If you support mobile computer users, or if you're a road warrior yourself, you might have run into this situation: You're sitting in an airport with a coworker and the two of you realize you need to transfer a few files between your notebook computers. The files are too large to put on a floppy disk, so you decide to email them to your coworker as soon as you can access a phone line. But you probably already have everything you need to set up a file transfer network between your two computers.

Most notebook computers made in the past few years have Infrared Data Association (IrDA) ports that you can use for 2-way communication, although few users use the port for anything but printing. Configuring the IrDA port for file sharing is easy with Windows XP or Windows 2000.

  1. Right-click My Network Places and select Properties.
  2. Select "Create a new connection (WinXP)" or "Make New Connection (Win2K)" to launch the New Connection Wizard.
  3. Select "Set up an advanced connection."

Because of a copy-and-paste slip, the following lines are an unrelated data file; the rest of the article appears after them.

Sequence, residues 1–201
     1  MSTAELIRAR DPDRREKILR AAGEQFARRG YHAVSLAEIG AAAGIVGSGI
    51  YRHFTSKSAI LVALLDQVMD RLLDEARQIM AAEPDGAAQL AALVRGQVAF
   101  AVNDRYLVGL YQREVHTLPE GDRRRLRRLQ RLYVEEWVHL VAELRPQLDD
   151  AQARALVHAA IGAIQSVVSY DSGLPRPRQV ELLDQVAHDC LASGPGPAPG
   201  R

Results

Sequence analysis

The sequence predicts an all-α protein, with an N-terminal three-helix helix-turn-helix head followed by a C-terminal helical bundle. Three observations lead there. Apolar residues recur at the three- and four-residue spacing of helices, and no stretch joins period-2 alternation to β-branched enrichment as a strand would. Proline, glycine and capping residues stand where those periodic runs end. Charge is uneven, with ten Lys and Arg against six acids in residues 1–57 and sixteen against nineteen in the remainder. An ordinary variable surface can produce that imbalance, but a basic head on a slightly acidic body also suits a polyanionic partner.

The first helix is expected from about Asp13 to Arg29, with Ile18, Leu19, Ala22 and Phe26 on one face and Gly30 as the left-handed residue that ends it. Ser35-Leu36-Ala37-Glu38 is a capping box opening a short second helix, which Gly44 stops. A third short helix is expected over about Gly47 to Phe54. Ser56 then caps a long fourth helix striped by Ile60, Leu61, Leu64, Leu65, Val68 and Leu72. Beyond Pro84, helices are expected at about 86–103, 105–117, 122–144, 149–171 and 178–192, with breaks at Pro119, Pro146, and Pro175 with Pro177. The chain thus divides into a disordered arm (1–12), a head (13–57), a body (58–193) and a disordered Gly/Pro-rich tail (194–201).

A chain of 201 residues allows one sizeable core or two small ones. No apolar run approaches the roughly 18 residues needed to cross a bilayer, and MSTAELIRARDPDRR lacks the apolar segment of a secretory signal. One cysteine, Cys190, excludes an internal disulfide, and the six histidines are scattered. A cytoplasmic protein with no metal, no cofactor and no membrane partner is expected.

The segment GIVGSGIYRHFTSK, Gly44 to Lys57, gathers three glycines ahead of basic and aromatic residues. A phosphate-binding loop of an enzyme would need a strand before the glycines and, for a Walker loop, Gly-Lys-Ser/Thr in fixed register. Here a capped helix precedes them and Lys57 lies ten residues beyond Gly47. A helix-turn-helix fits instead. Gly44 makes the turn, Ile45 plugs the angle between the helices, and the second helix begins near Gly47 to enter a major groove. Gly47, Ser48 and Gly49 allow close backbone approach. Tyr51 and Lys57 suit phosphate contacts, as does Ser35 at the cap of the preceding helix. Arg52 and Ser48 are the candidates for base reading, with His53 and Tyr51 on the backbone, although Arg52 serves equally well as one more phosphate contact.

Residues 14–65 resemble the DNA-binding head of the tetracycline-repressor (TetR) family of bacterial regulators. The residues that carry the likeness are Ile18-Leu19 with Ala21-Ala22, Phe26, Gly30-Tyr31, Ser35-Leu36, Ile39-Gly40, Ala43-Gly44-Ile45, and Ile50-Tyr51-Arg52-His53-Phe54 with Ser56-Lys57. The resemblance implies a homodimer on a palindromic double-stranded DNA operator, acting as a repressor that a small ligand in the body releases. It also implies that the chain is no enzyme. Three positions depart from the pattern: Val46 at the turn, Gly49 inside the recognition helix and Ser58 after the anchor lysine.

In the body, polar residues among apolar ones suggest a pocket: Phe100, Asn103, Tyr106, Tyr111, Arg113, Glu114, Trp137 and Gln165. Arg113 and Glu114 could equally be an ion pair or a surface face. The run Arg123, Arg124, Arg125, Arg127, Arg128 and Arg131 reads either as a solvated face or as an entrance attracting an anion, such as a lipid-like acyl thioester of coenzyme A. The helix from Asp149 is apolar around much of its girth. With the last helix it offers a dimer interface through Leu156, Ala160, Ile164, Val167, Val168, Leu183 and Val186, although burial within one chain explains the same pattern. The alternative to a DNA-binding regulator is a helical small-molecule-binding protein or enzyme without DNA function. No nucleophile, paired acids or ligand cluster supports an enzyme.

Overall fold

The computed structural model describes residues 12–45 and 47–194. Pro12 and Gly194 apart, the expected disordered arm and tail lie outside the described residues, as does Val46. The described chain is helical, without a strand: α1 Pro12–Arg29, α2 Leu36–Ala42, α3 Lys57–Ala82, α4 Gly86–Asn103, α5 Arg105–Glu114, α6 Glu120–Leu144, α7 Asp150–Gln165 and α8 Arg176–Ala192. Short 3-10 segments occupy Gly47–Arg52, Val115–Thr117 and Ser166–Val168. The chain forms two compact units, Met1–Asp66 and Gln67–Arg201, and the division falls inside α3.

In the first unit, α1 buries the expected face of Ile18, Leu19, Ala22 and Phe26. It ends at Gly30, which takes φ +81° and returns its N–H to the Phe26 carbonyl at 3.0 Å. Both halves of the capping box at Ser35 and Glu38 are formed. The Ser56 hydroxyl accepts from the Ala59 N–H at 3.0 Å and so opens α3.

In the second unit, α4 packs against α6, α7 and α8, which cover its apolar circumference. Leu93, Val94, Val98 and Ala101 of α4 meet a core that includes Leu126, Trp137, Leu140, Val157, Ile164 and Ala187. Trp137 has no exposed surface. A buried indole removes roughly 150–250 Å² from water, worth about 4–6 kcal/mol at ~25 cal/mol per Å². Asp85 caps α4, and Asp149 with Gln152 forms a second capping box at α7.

4. Select "Connect directly to another computer."
  5. Choose Host or Guest configuration (configure one of your computers for each role).
  6. Complete the wizard depending on whether you're setting up the Host or Guest computer. Make sure you select the IrDA port as the connection device.

When finished, simply point the IrDA port on each notebook toward each other, and you'll have a quick and easy link between the two computers. Recent IrDA ports connect at speeds up to 4Mbps; the earlier IrDA standard supported only 1.5Mbps. In either case, IrDA file transfer is faster than emailing files over a dial-up connection.

Because the Host connection requires an account for the Guest to log on to, you needn't worry about random people with IrDA devices accessing data on your computer. You can also activate the Guest account, then disable the account after you transfer the files.

XP gives you more detailed control over the wireless link when you select the Control Panel Wireless Link applet. I keep the IrDA icon in the taskbar, and the system pops up a message when a file transfer is in progress. I've created a folder to store the files I receive over the IrDA port. XP also lets you use the wireless link to download images from an IrDA-equipped digital camera.